On a serious note. To be a pilot, I would have had to taken up flight school at 18, instead of going for a Business Admin. degree. Back in "03" with full support from my family, and the desperate desire to change careers. I tried to sing up to go to flight school. After sitting down with the instructor, and learning that I would be paying around 70-90k for classes, full time for one year, I won't be able to have a full time job, and upon graduation my first job would land me 20-25k a year, until I can build up flight time, was not appealing.  It gets worst. The typical rookie pilots flights are those short hops. example used by instructor, "Flying a SAAB from Orlando, to Tampa to start. Then moving up to Orlando to Miami, or Jacksonville. At that point I may get a  increase "depending on the airline to about 25-30k" WTF, I at the time was making 50k retail Management, with 10+ years experience. I have an established life with mortgage, car payment, and all the other bullshit that makes up our life. So Paying 70-90k to come out been stuck at 20-30k for god knows how long was not very conceivable.  Plus the Pilot job market at the time was very hit or miss. So I am stuck with flight simulators to fill my joy.

Oh, In case you want to know, I did change Careers last year I went to a Computer tech school for 12k, and came out starting at 60k a year. I say that was very much reasonable. 

I still wish I could have had my Pilot License though. Dose the Airforce\Navy recruit people over 30, and train them to be Pilots?       
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« Reply #19 on: September 06, 2007, 02:19:32 PM »

When I was about 8 I got my first taste of piloting.  I was an airport rat, and a guy offered to take me up in his piper cub and let me fly it for awhile. We made a couple of laps around Zamboanga with me at the stick. I didn't get to pilot again for another 8 years, when an instructor let me land his plane.  That was my last taste of driving a plane.
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« Reply #20 on: September 06, 2007, 03:20:38 PM »

I grew up in a household where my dad was a pilot with a private plane so our vacations were always in his plane.  Flew cross country from Indiana to California and had a blast just the two of us while I was in high school.  I've flown myself a few times but don't have a license.  I've also flown gliders but stopped just short of my license there as well.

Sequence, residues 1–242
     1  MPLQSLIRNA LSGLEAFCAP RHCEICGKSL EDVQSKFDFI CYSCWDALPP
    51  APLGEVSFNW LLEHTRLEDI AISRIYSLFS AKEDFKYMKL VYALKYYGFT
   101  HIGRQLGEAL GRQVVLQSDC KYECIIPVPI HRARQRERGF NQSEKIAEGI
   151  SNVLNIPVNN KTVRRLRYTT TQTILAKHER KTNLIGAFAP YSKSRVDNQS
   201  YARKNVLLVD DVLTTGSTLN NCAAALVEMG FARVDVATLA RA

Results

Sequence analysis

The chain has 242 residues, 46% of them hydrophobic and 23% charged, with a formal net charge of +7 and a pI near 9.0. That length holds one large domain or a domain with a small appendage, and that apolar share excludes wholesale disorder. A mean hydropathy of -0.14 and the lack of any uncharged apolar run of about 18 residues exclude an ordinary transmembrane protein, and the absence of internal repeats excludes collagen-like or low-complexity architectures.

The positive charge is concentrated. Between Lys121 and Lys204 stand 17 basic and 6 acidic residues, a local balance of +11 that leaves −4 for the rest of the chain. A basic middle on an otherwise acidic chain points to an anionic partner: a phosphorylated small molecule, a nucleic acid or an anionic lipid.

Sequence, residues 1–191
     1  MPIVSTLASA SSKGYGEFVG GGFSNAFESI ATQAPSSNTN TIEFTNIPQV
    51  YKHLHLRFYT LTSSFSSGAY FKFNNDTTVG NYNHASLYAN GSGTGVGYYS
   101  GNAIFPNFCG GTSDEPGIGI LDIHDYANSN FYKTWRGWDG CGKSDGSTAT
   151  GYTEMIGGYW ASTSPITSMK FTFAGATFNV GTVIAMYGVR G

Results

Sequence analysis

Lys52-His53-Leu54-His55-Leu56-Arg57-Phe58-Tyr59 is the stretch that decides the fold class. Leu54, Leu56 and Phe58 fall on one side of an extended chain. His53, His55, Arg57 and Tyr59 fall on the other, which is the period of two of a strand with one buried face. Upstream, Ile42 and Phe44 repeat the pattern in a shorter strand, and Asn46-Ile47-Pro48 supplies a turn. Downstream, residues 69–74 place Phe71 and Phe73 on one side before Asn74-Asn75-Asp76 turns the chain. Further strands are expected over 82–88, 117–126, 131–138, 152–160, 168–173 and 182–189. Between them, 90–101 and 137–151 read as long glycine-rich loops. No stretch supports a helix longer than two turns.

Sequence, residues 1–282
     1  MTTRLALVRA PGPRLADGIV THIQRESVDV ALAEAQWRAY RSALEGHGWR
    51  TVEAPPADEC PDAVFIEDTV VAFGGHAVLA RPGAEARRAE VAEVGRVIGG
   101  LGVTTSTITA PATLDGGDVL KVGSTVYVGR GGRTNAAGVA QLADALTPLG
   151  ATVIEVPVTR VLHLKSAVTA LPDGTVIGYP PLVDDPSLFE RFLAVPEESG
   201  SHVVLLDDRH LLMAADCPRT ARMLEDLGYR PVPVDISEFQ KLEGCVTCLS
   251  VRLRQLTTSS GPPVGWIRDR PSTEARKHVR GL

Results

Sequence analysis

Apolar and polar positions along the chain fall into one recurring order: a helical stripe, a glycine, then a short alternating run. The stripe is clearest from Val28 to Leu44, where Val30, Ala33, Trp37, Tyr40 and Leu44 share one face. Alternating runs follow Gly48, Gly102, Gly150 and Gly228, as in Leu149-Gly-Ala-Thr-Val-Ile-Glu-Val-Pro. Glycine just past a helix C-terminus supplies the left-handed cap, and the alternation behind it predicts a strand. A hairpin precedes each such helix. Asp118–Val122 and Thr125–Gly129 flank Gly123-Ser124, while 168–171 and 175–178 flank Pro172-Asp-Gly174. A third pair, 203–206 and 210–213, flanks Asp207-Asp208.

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« Reply #21 on: September 08, 2007, 11:38:04 PM »

Quote from: JuniorDan on September 06, 2007, 02:15:48 PM

On a serious note. To be a pilot, I would have had to taken up flight school at 18, instead of going for a Business Admin. degree. Back in "03" with full support from my family, and the desperate desire to change careers. I tried to sing up to go to flight school. After sitting down with the instructor, and learning that I would be paying around 70-90k for classes, full time for one year, I won't be able to have a full time job, and upon graduation my first job would land me 20-25k a year, until I can build up flight time, was not appealing.  It gets worst. The typical rookie pilots flights are those short hops. example used by instructor, "Flying a SAAB from Orlando, to Tampa to start. Then moving up to Orlando to Miami, or Jacksonville. At that point I may get a  increase "depending on the airline to about 25-30k" WTF, I at the time was making 50k retail Management, with 10+ years experience. I have an established life with mortgage, car payment, and all the other bullshit that makes up our life. So Paying 70-90k to come out been stuck at 20-30k for god knows how long was not very conceivable.  Plus the Pilot job market at the time was very hit or miss. So I am stuck with flight simulators to fill my joy.